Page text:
White House email domains lack protections against spoofing -- report
White House email domains lack protections against spoofing -- report

An analysis of 26 email domains managed by the Executive Office of the President (EOP) found that all but one of them lack sufficient DMARC (Domain-based Message Authentication, Reporting and Conformance) protections against spoofing used in phishing and spam campaigns.

The study is the work of the Global Cyber Alliance (GCA), an international organization that was co-founded by the City of London Police, the Manhattan District Attorney's Office and the Center for Internet Security, to prevent and combat malicious cyber activity. According to a GCA press release, most of the White House domains, 18 out of 26, have no DMARC policy in place at all.

Another seven do have a DMARC policy, but they currently only monitor email activity, rather than actively rejecting or quarantining emails that are not approved by authentication mechanisms such as SPF (Sender Policy Framework) and DKIM (Domain Keys Identified Mail).

“Email domains managed by the EOP are crown jewels that criminals and foreign adversaries covet,” said Philip Reitinger, president and CEO of the GCA, in a press release. “The lack of full DMARC deployment across nearly every EOP email address poses a national security risk that must be fixed. The good news is that four new domains have implemented DMARC at the lowest level, which I hope indicates that DMARC deployment is moving forward."

DMARC is an authentication, policy, and reporting protocol that helps email domain owners and email receivers ensure that only communications that are verified to be from legitimate domains are transmitted, while emails that fail authentication policies are blocked or quarantined, due to the likelihood their addresses have been spoofed by malicious actors.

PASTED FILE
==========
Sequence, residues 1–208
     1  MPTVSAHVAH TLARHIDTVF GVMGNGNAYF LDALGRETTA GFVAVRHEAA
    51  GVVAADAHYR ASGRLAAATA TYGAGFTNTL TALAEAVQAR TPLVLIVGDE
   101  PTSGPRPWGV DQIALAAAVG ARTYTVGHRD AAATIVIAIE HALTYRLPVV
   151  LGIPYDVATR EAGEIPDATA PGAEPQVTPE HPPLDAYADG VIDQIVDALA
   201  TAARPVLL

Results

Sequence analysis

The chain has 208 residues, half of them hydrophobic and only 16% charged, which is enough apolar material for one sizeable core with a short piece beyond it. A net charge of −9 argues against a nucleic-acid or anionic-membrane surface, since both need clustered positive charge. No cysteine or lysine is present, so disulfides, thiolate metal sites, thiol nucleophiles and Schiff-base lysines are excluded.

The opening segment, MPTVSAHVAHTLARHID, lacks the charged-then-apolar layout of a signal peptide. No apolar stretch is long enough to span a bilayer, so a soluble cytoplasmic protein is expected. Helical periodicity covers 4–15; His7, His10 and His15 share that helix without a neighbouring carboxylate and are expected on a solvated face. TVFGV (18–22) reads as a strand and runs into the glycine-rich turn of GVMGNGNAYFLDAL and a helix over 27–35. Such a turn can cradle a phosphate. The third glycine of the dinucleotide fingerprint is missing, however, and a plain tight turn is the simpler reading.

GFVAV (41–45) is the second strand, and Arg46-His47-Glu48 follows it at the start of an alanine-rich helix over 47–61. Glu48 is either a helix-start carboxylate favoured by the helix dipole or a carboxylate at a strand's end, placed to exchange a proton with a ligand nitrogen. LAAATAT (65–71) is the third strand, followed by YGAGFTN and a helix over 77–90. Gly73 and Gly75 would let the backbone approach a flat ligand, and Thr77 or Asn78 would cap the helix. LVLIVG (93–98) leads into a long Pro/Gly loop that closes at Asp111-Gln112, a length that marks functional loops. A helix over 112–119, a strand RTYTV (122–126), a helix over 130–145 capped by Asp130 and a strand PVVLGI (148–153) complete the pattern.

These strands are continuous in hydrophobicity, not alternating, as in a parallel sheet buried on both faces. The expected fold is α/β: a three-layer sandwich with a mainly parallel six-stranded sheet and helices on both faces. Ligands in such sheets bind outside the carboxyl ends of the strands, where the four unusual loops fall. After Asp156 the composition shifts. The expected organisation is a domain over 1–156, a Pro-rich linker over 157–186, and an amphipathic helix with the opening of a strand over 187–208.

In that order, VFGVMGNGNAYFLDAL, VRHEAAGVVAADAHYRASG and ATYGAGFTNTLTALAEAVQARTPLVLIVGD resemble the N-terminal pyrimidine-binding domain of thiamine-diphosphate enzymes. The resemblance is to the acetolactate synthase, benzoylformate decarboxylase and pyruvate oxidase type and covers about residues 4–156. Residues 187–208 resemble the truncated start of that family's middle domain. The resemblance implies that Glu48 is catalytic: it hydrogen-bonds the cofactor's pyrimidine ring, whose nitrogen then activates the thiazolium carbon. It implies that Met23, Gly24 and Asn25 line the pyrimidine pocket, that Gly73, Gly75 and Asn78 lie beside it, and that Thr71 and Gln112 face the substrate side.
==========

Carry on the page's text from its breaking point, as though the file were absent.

Phishing or spam emails using spoofed .gov addresses can be especially dangerous because they can trick government employees or ordinary citizens into giving away personal or sensitive information to what they mistakenly believe is a government official or agency.

Among the seven websites that currently have DMARC deployed at its most basic level -- monitoring only -- are WhiteHouse.gov and EOP.gov. It should be noted that it is not uncommon for domain owners to initially use DMARC in "monitor" mode for a given time period before shifting to a more secure quarantine or reject policy, in order to first make sure that legitimate emails are passing authentication checks.

The lone EOP domain that has implemented the most stringent DMARC policy, whereby suspicious emails are outright rejected, is Max.gov, which appears to be associated with the Office of Management and Budget's government-wide collaboration website.

In its release, the GCA comments that the EOP's limited DMARC is "surprising," consider that the Department of Homeland Security mandated in an October 2017 directive that all federal agencies implement a DMARC reject policy for all second-level domains and mail-sending hosts. However, agencies were allotted a full year from when this directive was issued to comply.

Budget.gov, OMB.gov, USTR.gov, OSTP.gov were among the other domains that GCA studied, but the organization does not specify in its release whether any of these domains were among the group with low-level DMARC policies. SC Media has reached out to both GCA and the Executive Office of the President's press office for additional comments.